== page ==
It’s March Madness all over | Inquirer Sports

It’s March Madness all over

/ 05:30 AM March 29, 2019

There’s March Madness in basketball here and elsewhere.

That’s a blessing for the multitude that treat the game like religion.


In the PBA, the mad scramble continues this month for teams struggling to survive the playoff race of the 12-team Philippine Cup on this, the 44th year of Asia’s first pay-for-play league.

Over in the National Basketball Association, the world’s premier hoops tournament, the cast of playoff teams is largely set. But the dash for seedings continues.


The Milwaukee Bucks are on target to snag the No. 1 seed in the Eastern Conference.

Meanwhile, the Golden State Warriors, striving for a third straight NBA championship, still have  challenging games to play to secure the No. 1 seed in the Western Conference with two weeks to go in the league’s 68th regular season.

Basketball fanatics expect to witness more water turning into wine stuff with MVP candidate James Harden, Steph Curry, Giannis Antetokounmpo, et al. shining  in the playoffs.

The pro superstars will dominate, until the Final Four of the real March Madness takes over.

The men’s Division I tournament of the US National Collegiate Athletic Association, aka March Madness, is about close games and major surprises.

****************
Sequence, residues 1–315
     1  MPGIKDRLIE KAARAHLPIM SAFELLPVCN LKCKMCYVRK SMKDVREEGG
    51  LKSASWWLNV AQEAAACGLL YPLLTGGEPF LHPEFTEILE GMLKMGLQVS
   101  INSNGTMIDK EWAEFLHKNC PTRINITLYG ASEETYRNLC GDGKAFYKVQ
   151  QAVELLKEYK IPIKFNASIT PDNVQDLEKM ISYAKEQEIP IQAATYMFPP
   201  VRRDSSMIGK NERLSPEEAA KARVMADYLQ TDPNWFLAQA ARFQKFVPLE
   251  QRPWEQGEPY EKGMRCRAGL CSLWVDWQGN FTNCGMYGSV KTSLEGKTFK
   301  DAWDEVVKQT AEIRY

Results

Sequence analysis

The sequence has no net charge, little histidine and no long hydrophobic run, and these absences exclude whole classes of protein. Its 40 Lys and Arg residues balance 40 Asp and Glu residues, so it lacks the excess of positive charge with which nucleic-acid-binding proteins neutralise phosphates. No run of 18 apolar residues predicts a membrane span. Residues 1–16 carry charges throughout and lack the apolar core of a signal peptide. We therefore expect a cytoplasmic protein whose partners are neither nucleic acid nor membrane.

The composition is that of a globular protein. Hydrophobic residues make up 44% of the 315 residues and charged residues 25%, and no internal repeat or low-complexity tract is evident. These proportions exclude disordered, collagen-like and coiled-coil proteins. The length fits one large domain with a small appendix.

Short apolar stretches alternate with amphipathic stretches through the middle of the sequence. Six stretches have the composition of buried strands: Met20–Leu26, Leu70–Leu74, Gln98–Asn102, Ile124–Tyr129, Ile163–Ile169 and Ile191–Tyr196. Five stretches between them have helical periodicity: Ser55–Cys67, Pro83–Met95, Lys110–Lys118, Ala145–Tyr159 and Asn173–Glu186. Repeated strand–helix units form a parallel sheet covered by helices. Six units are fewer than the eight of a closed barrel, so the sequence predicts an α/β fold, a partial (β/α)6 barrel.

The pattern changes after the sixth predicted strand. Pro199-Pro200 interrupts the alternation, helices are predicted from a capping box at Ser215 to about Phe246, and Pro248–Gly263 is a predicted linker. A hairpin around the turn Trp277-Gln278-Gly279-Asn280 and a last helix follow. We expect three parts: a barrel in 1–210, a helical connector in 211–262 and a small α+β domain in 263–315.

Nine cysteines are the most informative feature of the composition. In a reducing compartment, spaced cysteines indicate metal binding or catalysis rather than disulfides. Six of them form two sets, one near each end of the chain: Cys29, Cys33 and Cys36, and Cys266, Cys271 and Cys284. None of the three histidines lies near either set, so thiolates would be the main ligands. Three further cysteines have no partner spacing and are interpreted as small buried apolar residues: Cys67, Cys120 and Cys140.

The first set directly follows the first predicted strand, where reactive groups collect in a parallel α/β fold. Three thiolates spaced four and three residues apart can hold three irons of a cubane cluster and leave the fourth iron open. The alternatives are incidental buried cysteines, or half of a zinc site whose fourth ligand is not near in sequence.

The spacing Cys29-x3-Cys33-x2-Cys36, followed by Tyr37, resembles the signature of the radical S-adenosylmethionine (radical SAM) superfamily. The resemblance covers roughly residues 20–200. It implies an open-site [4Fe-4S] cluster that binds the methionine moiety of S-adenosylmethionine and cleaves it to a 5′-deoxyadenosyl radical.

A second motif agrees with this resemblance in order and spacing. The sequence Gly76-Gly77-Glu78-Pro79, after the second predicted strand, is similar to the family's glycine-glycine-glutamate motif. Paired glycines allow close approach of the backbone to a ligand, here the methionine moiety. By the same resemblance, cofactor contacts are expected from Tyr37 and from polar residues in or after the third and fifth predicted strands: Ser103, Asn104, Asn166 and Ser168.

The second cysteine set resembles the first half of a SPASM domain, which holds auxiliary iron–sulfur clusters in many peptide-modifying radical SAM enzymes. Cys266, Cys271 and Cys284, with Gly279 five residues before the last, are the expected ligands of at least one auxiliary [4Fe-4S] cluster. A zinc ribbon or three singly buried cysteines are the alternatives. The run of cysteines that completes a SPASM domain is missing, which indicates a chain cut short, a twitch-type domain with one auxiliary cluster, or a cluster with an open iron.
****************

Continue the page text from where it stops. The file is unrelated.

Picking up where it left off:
Even the titans of US college basketball, the likes of Duke, Kentucky and Michigan, get stunned by the unheralded—the Cinderellas—on the road to the Final Four, and the “Big Dance,” the championship game, to be hosted by  Minneapolis this year.

However, the US NCAA men’s tournament has played its first weekend with no bracket-busting results. This year’s Madness has not registered any upsets.


For just the second time in March Madness history, the top three seeds in every single region advanced to the Sweet 16 and they were joined by two other No. 4 seeds.

The leading lights of local sports are paying close attention to the saga of Filipino junior cager Kai Sotto.

The 16-year old prodigy, with a tree-top height of 7-foot-2, promises salvation for PH teams on the world stage.

Kai has decided to train in Atlanta for two months while committing to the national team for the FIBA Under-19 tournament in Greece.

Make no mistake about it.  Kai is hell-bent on playing in the NBA.

To assess his chances, Kai need not look farther than the current US NCAA tournament, the main feeder of talent to the NBA.

Only a handful of international recruits make it each year, including Antetokounmpo, who was drafted in 2014.

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TAGS: Basketball, March Madness, PBA
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